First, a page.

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A contingent of NRL stars travelled to the nation's capital to be on hand for the announcement of a four-year partnership with the National War Memorial, and was left touched by what they saw there ahead of a massive commemorative Anzac weekend of rugby league.

In his first-ever visit to the exhibit, Dragons cult hero George Rose said he was floored by how much more real the sacrifices of the Anzacs seemed.

"It is a really eerie feeling, going through and seeing all the thousands of names on the walls. You see last names that you recognise and wonder if they're related to someone you know," Rose said.

Rabbitohs forward Ben Lowe said he was looking forward to being part of a huge Anzac weekend of rugby league to commemorate the 100th anniversary of the Gallipoli landing.

"It's a special day in the calendar for every Australian," Lowe said. "To be down here [in Canberra] and to go through the War Memorial after the renovations are done, the new museum... it's very touching and overwhelming what the Anzacs have done to help Australia be the way it is today."

Raiders and Kangaroos forward Josh Papalii said Anzac Day is always a massive occasion.

"Seeing the big wall full of names for all the people that fought for this country, that's why we're here [in Canberra], to recognise those people."

Roosters star Aidan Guerra, currently sidelined with a fractured jaw, was another visiting the memorial for the first time.

"The exhibition's well-respected and I can see why, they've got pieces in there from famous artists, pieces in there from the families of our Anzacs. It just goes to show the respects our country has for our soldiers," Guerra said.

"It's definitely a game you pencil in every year and you always have your eye on the Anzac game because there's a lot of feeling out on the field and a lot of meaning to the day as a whole in our country, and everyone sort of shows respect in whatever way they can and for us it's playing a good game of footy.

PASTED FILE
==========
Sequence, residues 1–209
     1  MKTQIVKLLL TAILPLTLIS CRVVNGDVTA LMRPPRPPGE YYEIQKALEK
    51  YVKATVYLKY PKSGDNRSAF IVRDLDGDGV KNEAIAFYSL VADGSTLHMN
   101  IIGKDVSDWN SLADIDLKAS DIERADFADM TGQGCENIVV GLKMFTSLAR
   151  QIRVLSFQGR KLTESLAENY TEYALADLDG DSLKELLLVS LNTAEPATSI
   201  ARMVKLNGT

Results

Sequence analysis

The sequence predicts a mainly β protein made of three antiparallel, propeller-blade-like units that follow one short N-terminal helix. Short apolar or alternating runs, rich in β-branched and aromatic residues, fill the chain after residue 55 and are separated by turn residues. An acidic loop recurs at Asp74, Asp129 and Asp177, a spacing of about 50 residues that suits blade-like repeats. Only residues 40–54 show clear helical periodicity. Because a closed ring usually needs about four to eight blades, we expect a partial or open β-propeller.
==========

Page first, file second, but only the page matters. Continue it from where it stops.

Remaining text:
"Every year there's a lot of respect and there's a big tribute to what the day means to us all but obviously this year being the 100th anniversary of the landing at Gallipoli it's going to be a special day, whether you're at the footy or at the dawn service, it's going to have a strong meaning for everyone around the country.

"The foundations were laid 100 years ago, the country is very thankful and that's why we have a day with as much meaning as Anzac Day."

Recently-retired Storm prop Bryan Norrie was also touched by the visit, having previously played several big Anzac-Day clashes against the Warriors.

"Obviously Anzac Day is a massive day in Australian history. It's great to be here and have a good tour around and represent the Melbourne Storm and the NRL," Norrie said.

"It's a special occasion to get to play. It puts it into perspective. We're lucky to play rugby league on a day like that. A lot of the boys try and go to the dawn service and they're all very honoured to get to play a game of footy on such a big occasion for Australia."

Acknowledgement of Country

National Rugby League respects and honours the Traditional Custodians of the land and pay our respects to their Elders past, present and future. We acknowledge the stories, traditions and living cultures of Aboriginal and Torres Strait Islander peoples on the lands we meet, gather and play on.

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